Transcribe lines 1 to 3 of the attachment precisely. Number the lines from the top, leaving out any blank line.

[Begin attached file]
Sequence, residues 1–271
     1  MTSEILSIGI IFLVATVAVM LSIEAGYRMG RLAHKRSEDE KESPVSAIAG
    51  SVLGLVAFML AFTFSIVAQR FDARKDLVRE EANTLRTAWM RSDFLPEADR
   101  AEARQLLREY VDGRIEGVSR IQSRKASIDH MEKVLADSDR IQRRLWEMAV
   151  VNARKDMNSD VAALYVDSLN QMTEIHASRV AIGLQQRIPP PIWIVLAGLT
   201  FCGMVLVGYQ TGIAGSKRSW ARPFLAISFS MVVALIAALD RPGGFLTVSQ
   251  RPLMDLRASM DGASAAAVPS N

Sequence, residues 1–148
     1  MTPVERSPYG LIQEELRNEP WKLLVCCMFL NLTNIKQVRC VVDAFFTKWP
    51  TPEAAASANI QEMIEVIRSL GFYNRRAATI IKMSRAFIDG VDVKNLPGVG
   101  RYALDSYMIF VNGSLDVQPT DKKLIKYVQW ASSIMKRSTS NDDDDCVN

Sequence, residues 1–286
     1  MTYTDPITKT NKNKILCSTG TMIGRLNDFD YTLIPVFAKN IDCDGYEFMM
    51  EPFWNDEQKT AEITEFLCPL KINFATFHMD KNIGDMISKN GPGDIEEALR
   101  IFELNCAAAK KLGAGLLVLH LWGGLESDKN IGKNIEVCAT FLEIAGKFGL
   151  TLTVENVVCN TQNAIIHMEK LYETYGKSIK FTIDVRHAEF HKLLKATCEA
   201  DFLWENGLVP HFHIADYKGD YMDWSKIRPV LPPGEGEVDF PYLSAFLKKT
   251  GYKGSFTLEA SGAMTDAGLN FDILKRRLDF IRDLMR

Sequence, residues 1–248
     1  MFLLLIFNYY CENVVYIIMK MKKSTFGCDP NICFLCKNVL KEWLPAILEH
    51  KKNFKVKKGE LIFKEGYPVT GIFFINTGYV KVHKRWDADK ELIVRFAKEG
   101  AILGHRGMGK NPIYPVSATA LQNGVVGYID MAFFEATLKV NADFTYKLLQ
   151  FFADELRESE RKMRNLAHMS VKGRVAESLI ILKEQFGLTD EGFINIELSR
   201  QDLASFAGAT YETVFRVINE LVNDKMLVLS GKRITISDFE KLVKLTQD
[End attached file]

Sequence, residues 1–271
     1  MTSEILSIGI IFLVATVAVM LSIEAGYRMG RLAHKRSEDE KESPVSAIAG
    51  SVLGLVAFML AFTFSIVAQR FDARKDLVRE EANTLRTAWM RSDFLPEADR